Charles is a member of the Texas Bar and is admitted to practice before U.S. District Court, Southern, Western, and Eastern Districts of Texas. He is an Adjunct Professor at the University of Houston law Center, where he teaches a classes in Texas Coastal and Ocean Law, Environmental Law, and Practice of Environmental Law.
Charles represents clients in state and federal court, and in matters before the Texas Commission on Environmental Quality, and the State Office of Administrative Hearings. Previous cases include challenges to air permits, Clean Air Act citizens suits, Endangered Species Act litigation, and NEPA litigation.
Kathleen C. Lake
Kathleen C. Lake is a partner with the law firm of Vinson & Elkins LLP. For over 30 years, Kathy’s practice has focused on state and federal utility law and energy regulation, energy transactions, and administrative law and litigation. Kathy has broad experience with all segments of the domestic energy industry, having represented producers, interstate and intrastate gas pipelines, electric cooperatives, electric utilities, marketers, end-users, and financial institutions active in the industry.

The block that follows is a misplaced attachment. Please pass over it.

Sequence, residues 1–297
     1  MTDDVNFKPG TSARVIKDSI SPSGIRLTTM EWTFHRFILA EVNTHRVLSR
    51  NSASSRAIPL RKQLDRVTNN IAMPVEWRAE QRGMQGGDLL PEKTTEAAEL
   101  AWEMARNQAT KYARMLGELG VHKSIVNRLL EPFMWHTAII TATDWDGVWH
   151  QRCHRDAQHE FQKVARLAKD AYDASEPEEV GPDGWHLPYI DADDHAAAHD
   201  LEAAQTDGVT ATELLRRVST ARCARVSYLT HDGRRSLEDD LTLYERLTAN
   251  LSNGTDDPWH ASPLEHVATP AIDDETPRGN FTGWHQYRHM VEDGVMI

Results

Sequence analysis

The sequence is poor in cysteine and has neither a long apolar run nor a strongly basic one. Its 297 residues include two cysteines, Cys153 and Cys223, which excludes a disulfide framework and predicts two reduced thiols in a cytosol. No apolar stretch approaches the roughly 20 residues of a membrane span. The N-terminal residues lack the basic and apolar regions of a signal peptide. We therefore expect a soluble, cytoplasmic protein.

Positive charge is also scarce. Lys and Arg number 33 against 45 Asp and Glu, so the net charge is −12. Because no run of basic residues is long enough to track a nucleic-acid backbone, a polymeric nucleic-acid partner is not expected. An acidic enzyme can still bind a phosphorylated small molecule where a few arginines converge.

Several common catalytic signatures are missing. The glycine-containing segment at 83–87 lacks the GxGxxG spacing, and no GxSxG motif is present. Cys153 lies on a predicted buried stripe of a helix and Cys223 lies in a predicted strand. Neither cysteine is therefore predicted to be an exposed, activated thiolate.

Before practicing law in Houston, she earned her A.B. magna cum laude, from Middlebury College, and her J.D. with high honors from the University of Texas School of Law, where she served as associate editor of the Texas Law Review, and was selected for membership in the Order of the Coif and Phi Kappa Phi. Kathy is a member of the Texas Bar Foundation (Life Member); Houston Bar Foundation; Texas Law Review Association (Life Member); American, Energy, and Houston Bar Associations; and College of the State Bar of Texas, 2005 – present. She is admitted to practice in Texas (1980); U.S. Courts of Appeal for the Third, Fifth, and District of Columbia Circuits.